We can’t leave 2013 without making reference to Instagram and the increasing popularity that retro filters got this year. This trend eventually influenced designs as well, especially in the following year.
2014: Low poly, neon colors & long shadow
We continued to see some of 2013’s leading trends, such as responsive design –which took up most of the designers’ projects– flat design and minimalism.
Typography was in constant change and evolution. 2014 designs opted for sans serif and bigger fonts, sometimes combined with handwritten typefaces.
The design field was influenced by Instagram’s retro filters. Many designs adopted this retro look inspired by the funk, pop, and jazz covers of the 70s and 80s.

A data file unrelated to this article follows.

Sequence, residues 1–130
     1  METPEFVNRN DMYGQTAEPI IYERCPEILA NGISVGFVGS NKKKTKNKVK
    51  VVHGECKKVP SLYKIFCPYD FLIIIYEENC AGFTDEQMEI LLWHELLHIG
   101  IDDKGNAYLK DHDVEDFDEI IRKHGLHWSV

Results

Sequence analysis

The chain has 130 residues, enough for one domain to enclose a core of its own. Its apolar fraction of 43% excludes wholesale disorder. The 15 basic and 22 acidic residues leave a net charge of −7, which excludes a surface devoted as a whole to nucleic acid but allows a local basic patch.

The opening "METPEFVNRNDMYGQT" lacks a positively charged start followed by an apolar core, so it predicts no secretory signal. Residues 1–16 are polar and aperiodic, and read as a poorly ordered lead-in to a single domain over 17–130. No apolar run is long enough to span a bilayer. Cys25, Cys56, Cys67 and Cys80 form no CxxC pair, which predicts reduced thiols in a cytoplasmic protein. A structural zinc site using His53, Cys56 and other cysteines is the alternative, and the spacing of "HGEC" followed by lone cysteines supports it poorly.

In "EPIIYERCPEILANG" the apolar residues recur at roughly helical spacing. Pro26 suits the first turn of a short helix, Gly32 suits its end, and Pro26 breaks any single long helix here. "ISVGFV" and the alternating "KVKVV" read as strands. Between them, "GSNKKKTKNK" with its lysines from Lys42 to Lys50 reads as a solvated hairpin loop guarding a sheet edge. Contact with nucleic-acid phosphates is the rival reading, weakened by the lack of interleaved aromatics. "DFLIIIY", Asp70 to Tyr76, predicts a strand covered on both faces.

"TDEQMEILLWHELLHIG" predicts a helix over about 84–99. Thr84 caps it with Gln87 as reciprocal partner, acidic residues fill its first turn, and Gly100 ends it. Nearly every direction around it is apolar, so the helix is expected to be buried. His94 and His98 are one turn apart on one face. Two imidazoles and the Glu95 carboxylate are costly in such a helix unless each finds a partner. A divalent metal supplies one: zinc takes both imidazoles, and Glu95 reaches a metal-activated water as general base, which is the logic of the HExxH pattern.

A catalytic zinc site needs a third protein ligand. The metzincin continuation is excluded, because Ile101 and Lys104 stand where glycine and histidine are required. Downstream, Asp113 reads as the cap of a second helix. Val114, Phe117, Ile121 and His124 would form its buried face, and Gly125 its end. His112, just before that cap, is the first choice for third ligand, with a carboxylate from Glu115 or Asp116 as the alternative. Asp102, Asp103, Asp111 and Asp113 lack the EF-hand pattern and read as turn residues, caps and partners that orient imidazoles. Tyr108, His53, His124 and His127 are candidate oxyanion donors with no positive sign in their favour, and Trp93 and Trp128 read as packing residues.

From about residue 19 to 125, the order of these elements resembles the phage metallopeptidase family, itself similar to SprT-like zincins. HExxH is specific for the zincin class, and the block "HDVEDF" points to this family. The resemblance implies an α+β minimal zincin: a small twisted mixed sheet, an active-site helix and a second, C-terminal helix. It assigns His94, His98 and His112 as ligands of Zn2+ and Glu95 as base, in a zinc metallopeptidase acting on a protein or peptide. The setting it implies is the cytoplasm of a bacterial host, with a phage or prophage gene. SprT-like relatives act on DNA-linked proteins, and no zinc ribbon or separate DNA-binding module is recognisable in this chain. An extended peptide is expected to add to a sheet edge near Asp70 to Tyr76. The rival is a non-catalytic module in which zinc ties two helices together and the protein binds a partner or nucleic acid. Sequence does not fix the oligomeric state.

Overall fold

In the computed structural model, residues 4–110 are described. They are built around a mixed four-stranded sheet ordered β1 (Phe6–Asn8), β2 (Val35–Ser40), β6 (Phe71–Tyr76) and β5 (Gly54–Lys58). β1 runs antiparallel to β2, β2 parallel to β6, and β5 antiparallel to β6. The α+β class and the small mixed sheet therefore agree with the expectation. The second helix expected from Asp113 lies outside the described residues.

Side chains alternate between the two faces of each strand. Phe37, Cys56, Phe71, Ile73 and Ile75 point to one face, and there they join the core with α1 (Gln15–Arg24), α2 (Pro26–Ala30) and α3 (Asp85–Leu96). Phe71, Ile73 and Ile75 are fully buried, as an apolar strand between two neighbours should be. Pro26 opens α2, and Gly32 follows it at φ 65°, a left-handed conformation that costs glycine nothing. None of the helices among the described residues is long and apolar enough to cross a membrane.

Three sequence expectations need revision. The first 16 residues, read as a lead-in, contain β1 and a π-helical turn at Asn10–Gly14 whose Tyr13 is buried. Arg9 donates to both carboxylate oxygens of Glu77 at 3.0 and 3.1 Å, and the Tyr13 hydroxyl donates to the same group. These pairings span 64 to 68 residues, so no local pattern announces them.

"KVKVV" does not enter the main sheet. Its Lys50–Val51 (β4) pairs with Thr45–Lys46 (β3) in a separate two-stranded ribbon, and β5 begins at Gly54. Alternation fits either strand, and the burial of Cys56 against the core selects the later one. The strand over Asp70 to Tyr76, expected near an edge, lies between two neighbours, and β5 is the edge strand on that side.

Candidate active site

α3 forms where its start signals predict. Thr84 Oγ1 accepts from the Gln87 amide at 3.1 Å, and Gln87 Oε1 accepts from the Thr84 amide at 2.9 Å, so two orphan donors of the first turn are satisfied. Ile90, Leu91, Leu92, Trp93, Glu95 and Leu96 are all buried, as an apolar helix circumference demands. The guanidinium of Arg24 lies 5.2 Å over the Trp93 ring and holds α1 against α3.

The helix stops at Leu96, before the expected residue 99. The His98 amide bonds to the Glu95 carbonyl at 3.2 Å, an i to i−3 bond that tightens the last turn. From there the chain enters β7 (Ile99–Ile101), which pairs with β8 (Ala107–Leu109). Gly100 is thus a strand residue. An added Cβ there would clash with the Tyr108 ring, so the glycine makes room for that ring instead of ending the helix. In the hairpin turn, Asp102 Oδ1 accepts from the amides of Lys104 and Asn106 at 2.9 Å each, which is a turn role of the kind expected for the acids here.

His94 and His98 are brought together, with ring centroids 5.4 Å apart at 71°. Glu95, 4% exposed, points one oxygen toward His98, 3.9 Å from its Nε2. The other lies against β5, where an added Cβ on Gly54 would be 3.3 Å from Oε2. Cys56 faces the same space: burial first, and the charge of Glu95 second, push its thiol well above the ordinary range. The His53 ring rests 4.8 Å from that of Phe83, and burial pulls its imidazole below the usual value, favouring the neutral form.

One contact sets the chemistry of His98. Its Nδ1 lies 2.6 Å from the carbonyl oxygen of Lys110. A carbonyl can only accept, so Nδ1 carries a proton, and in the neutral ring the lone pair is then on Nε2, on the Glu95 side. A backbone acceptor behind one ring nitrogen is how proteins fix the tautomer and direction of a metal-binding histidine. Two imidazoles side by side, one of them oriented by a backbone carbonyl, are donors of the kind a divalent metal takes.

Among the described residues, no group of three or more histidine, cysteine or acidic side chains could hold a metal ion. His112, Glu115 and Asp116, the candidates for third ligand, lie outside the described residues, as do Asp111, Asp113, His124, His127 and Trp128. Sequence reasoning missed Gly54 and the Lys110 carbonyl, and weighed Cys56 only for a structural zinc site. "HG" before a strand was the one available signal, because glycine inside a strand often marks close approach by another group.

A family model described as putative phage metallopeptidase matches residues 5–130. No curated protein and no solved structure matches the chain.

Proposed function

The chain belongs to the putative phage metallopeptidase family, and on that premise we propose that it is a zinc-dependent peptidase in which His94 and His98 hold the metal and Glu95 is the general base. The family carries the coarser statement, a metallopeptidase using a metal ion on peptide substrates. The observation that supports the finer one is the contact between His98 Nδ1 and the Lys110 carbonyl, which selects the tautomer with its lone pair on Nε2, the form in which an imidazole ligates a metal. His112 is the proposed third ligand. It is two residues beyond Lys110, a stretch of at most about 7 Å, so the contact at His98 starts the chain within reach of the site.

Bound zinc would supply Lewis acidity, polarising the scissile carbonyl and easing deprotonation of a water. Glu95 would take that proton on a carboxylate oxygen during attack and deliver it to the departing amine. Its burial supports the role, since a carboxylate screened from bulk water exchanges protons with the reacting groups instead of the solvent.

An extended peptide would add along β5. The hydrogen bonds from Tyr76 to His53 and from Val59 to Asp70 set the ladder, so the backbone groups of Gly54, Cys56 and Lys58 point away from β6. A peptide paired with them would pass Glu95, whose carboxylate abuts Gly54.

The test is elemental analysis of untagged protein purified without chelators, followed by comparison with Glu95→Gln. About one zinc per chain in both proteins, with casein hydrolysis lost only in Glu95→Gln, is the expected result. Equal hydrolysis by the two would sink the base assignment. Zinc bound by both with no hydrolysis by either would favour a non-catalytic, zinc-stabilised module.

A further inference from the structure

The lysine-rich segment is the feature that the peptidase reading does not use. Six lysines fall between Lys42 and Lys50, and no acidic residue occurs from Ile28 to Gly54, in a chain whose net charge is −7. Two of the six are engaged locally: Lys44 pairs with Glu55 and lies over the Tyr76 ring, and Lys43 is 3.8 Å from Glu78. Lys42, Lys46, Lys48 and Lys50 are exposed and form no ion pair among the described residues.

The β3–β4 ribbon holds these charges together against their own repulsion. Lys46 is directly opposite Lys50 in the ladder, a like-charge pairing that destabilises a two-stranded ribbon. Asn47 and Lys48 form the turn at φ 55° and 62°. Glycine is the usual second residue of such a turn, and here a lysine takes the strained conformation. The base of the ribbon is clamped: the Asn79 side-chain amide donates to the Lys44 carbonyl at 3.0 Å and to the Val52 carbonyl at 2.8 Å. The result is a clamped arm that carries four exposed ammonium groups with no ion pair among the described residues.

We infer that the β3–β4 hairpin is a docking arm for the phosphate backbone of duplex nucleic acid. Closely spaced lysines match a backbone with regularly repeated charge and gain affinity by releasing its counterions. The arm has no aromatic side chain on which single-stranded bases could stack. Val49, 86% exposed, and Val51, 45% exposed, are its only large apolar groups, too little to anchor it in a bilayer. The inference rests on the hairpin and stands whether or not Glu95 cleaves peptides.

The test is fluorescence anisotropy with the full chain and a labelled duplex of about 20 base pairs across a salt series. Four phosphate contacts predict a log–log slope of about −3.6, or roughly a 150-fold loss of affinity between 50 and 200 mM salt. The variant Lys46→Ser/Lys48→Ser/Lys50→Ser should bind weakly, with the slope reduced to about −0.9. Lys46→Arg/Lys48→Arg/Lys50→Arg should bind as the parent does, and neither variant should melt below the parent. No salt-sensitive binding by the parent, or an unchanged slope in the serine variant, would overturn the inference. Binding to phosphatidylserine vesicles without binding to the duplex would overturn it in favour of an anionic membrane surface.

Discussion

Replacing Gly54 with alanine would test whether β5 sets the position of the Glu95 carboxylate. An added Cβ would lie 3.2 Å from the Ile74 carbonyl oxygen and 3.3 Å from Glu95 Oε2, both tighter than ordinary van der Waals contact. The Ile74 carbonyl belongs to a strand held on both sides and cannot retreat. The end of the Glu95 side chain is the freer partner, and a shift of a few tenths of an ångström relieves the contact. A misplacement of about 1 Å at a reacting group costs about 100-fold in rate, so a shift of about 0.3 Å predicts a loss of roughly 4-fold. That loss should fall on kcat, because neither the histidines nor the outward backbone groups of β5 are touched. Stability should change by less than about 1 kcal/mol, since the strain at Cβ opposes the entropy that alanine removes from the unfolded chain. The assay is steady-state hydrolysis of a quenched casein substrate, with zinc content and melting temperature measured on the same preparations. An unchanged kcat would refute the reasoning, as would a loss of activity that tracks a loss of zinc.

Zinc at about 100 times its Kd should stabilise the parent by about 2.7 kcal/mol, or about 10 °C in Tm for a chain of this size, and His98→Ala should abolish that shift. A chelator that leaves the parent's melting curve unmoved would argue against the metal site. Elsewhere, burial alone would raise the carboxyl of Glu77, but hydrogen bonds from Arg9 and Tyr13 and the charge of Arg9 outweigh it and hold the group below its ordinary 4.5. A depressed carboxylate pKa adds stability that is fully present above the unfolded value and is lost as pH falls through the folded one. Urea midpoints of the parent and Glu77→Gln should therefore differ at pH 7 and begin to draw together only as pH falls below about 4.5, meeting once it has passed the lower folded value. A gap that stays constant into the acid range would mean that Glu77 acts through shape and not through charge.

Colorful geometric designs (low poly) and neon colors emerged timidly, breaking with the scheme of recent years and becoming the starting point for the following years.
In design, most trends are born as a reaction to current trends. Thus, it’s not surprising that flat design was also a victim of this desire for change. That’s the case of the long shadow effect (later known as Flat design 2.0), fostered by the launching of Google’s Material Design in 2014.
2015: Double exposure, pastels & lettering
2015 was a time of change. New and revolutionary trends emerged and paved the way to a modern understanding of design.
Innovative and original techniques entered in the design sphere this year, like the double exposure effect. Illustration began to receive growing attention and replaced stock images.
One of the most groundbreaking trends of 2015 was the integration of videos as a background for web pages. This achievement contributed significantly to the conception of web design.
Paisley pop effect gave a retro look to the year 2015. In terms of colors, bright pastels became the favorite choice for designers.